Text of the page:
The Social Security Administration would have to furlough its entire 65,000-strong workforce for about six weeks next year if across-the-board budget cuts take effect as scheduled in January, a congressional forecast has found. In addition, the agency would shrink by about 5,000 employees through attrition and the loss of temporary staff, according to a new report.
The furloughs would also affect some 15,000 state Disability Determination Service employees who make initial determinations on applications for federal disability insurance and Supplemental Security Income. As a result, the average processing time for applications would climb from 111 to 180 days, according to the report by a Senate appropriations subcommittee. The subcommittee, chaired by Sen. Tom Harkin, D-Iowa, oversees the budgets for SSA and the Labor, Education and Health and Human Services departments.
The report added that the backlog of pending disability insurance claims at SSA would almost double from 861,000 this year to almost 1.5 million by the end of fiscal 2013.
The report was released Wednesday. A SSA spokeswoman was not familiar with it Thursday and had no immediate comment.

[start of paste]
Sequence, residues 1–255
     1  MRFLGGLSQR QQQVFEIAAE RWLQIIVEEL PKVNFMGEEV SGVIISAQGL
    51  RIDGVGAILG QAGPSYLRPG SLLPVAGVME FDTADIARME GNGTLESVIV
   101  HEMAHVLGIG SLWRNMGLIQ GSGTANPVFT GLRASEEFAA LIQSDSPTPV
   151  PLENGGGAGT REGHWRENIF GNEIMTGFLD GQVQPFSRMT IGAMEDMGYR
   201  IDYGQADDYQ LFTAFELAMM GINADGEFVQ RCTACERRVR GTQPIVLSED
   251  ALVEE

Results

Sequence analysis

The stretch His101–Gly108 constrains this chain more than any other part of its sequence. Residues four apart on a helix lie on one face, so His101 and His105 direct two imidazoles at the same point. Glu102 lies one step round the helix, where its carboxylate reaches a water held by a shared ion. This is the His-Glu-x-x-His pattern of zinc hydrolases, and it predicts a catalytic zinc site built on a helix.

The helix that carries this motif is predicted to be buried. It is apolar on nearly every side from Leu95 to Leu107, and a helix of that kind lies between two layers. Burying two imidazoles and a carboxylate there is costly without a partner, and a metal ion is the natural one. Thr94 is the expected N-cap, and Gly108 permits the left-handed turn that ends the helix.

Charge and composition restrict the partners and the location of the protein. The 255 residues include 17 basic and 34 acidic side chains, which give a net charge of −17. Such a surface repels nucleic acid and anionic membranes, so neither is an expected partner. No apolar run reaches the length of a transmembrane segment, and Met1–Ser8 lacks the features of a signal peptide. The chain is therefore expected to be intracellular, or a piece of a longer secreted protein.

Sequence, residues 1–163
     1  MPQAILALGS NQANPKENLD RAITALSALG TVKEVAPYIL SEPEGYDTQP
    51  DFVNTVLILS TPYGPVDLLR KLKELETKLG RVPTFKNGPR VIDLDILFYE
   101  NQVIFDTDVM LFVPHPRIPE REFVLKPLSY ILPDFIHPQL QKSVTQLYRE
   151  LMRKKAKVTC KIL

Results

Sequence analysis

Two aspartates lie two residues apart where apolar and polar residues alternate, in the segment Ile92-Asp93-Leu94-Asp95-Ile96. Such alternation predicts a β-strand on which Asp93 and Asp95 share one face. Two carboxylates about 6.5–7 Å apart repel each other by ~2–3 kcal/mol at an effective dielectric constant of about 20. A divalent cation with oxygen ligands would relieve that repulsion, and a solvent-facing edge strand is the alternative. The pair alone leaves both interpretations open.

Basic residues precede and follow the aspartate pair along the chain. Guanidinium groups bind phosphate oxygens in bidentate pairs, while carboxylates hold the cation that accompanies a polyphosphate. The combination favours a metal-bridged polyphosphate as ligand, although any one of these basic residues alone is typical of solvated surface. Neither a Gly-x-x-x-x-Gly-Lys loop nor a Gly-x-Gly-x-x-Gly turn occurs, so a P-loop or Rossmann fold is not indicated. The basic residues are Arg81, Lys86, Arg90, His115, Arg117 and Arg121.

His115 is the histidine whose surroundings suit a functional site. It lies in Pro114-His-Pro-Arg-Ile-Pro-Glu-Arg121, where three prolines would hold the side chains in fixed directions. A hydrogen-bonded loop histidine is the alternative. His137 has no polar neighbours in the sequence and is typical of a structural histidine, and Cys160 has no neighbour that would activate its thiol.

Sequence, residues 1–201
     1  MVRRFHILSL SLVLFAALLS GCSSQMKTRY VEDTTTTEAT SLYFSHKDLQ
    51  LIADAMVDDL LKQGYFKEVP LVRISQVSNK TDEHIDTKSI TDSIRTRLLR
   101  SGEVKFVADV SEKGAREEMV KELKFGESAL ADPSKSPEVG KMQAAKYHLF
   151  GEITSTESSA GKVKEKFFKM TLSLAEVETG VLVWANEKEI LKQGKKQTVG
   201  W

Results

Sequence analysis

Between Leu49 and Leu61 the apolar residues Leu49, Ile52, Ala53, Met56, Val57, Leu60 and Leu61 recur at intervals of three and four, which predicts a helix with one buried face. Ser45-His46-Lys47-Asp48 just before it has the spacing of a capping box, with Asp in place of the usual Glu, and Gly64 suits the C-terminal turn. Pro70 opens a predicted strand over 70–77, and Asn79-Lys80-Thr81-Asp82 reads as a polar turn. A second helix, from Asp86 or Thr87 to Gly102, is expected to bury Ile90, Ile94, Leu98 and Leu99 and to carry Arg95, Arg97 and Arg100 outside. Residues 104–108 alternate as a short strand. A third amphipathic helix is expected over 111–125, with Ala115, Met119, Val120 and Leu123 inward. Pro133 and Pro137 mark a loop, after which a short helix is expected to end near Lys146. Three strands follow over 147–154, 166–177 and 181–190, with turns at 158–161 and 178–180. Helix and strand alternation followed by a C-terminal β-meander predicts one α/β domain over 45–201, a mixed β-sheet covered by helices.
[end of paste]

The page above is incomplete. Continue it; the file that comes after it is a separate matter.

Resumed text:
The across-the-board cuts, technically known as a sequester, are set to begin taking effect Jan. 2 if Congress cannot agree on a path to pare $1.2 trillion from future deficits by 2021.
In 2013, the reductions would total about $110 billion, split equally between defense and non-defense programs, according to the Center on Budget and Policy Priorities, a liberal-leaning think tank.
Although lawmakers’ alarm has focused on the potential effects of the defense cuts, sequestration “would also have destructive impacts” on an array of other federal activities, Harkin said in a preface to the report.
At the Social Security Administration, for example, sequestration would mean a reduction of about $890 million — or almost 8 percent — from this year’s $11.45 billion administrative budget, the subcommittee found.
For just three Education Department programs — Head Start, special education grants and Title I — the lost funding would amount to $2.7 billion next year and would either cost some 46,000 employees their jobs or force state and local government to cover their salaries, the panel said.